Religious activity linked to delay in sexual initiation

November 05, 2006|By SUSAN REIMER

During my children's religious education, the Sunday morning medicine of Mass or catechism was almost always followed by a spoonful of sugar - lunch with our friends at Fuddruckers.

All these years later, it turns out I was right when I suspected that I was simply providing my kids with something - organized religion - they could conveniently reject as young adults.

But they've kept the good memories, I think, of those giant hamburgers and bottomless soft drinks and of time spent with friends and family.

I don't think I could have said so at the time, but I think I was attempting to inoculate my children with more than a love of God on those Sunday mornings.

I was hoping that keeping them close would keep them out of trouble. That the convivial embrace of this extended, makeshift family under the umbrella of faith would keep the children safe.

New research by Child Trends, a nonprofit, nonpartisan research center in Washington, reported in last month's issue of the Journal of Adolescent Health, shows that the more frequent a parent's religious attendance and the more a family participates in religious activities, the more likely an adolescent will delay his or her first sexual experience.

And according to Jennifer Manlove, lead author of the article, this is true regardless of denomination and it is true for all racial and ethnic groups, except blacks.

"The link between religious activities and delayed sex may reflect family beliefs or it may indicate that more closely knit families help reduce early sexual initiation," said Manlove. "That's a finding supported by other research on parent involvement."

That's the good news.

The bad news is, these same kids are less likely to use contraceptives or condoms during their first sexual encounters.

"This follows a pattern that we've seen in the Virginity Pledge research," she said of the movement to get teens to promise not to have

sex until marriage.

"We see the generally protective effect of family religion, but also a link between higher family religion and reduced contraceptive use once those teens are sexually active."

It is just speculation, but it is likely that teens from strong religious families do not prepare for first sex because they don't allow themselves to think of themselves as that kind of person - the kind of person who would violate church teachings so strongly expressed in the home.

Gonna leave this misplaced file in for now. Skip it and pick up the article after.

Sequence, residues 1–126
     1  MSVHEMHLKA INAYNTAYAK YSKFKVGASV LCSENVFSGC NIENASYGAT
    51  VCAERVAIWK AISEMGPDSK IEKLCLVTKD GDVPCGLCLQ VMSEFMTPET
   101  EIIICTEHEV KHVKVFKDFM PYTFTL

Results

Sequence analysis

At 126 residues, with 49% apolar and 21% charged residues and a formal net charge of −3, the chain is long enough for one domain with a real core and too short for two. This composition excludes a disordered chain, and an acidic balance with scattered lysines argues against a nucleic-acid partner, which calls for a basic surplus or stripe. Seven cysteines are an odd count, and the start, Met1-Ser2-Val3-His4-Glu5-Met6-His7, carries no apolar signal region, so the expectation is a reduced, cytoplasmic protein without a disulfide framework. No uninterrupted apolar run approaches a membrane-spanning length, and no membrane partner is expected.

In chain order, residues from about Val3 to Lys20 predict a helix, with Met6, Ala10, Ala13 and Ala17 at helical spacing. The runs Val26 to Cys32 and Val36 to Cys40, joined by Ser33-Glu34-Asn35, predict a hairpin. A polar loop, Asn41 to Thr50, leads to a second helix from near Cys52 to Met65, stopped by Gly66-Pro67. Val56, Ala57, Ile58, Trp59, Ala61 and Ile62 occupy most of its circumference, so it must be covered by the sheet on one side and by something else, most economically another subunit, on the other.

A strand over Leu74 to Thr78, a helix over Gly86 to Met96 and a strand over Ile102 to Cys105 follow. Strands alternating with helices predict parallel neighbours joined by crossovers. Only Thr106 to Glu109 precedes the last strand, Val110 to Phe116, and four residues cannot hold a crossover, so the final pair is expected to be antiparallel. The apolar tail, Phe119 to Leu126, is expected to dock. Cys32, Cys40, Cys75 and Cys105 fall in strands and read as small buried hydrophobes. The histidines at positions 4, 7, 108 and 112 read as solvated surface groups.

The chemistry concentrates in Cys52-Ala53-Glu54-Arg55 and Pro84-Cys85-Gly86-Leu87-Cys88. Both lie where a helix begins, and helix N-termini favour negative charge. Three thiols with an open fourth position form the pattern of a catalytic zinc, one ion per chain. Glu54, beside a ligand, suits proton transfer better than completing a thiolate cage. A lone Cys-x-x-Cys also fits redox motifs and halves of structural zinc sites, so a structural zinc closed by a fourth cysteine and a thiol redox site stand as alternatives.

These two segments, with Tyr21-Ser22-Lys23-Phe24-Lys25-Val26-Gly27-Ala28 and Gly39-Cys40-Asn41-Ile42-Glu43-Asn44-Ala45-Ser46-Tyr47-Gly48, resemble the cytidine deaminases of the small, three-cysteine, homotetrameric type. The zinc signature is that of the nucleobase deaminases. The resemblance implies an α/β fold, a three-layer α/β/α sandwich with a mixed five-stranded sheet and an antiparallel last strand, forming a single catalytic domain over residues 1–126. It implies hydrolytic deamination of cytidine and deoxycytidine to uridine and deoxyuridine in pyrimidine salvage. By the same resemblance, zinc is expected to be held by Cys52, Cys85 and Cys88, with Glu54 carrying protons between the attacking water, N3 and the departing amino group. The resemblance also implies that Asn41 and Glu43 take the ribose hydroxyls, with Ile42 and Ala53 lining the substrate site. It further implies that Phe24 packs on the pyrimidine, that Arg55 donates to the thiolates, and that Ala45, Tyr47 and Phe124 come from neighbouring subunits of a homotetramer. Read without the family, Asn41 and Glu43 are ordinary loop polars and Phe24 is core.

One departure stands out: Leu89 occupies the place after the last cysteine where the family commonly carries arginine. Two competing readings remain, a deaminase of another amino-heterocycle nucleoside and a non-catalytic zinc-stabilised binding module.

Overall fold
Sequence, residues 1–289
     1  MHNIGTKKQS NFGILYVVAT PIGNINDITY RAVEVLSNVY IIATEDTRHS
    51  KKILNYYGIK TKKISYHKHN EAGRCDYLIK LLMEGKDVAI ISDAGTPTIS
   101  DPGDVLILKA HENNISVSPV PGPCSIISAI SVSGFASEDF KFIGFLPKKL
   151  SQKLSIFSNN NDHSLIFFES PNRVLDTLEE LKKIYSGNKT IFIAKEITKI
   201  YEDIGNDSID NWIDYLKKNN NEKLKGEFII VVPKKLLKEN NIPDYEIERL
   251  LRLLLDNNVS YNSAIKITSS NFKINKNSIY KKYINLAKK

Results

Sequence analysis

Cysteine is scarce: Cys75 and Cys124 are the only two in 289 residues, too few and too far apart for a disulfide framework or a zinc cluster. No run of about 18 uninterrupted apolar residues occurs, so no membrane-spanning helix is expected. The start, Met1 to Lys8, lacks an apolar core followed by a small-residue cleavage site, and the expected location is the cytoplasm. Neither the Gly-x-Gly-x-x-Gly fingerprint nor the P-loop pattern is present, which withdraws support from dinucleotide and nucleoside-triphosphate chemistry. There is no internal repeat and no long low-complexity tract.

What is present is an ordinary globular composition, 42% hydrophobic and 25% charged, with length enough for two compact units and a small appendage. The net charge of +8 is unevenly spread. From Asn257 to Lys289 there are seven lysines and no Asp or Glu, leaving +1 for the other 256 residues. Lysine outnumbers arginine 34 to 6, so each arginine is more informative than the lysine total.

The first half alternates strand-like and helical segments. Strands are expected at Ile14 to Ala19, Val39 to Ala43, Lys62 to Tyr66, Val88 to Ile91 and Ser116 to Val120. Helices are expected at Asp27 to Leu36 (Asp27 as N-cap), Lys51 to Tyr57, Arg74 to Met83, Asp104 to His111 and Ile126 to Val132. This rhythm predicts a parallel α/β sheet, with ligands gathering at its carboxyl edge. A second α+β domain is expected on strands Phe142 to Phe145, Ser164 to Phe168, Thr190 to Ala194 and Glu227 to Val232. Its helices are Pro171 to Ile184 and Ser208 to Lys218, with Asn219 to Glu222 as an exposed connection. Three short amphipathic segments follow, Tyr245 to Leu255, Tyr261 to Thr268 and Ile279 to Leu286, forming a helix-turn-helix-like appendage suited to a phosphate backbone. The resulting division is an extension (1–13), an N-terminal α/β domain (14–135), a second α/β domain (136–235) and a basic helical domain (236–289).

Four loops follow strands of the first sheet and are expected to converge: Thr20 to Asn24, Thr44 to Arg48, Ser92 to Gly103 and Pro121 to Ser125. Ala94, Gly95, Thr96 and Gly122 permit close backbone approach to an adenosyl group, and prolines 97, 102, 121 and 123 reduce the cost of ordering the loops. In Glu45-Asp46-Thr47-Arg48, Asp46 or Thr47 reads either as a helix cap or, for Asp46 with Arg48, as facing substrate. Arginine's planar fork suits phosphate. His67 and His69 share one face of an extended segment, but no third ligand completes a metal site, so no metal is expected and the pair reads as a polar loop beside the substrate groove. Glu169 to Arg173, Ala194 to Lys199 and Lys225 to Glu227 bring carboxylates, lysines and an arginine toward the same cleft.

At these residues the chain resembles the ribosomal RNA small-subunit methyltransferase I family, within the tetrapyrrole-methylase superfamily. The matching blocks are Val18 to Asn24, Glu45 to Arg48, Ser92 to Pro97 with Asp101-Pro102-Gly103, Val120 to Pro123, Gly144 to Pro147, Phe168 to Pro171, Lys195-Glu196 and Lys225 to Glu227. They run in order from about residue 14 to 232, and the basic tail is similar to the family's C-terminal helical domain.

"If you show up with a condom, that shows that you planned for it," said Manlove, in an interview.

The fact that the protective nature of family religiosity was true for every group except blacks may, Manlove speculated, reflect additional pressures in the African-American community to become sexually active at a younger age.

"In that case, the family's religious activities aren't going to be enough. The teens will need re-enforcement from other adults in the community," she said.

The other teens require additional messages, too, Manlove said. Parents and religious leaders have to "give a strong, clear message to abstain from sex, but they also need to have a back-up conversation.

"They have to say to their children that if you are going to engage in sex, you need to use protection the first time and every time. These are not mutually exclusive messages."

Teens from religious families may be delaying sex because of the values that are reinforced by their church and their church community.

But, Manlove suggested, the simple fact that church presents a regular ritual, a regular activity, with friends and family may itself be part of the reason these young people are delaying first sex.

"Is it the values? Is it the activities? Is it the social network?" Manlove asked. "It might be a function of all those things.

"We have seen that even things like having dinner together is protective."

In other words, it may be God. Or it may be Fuddruckers. But it is certainly family.

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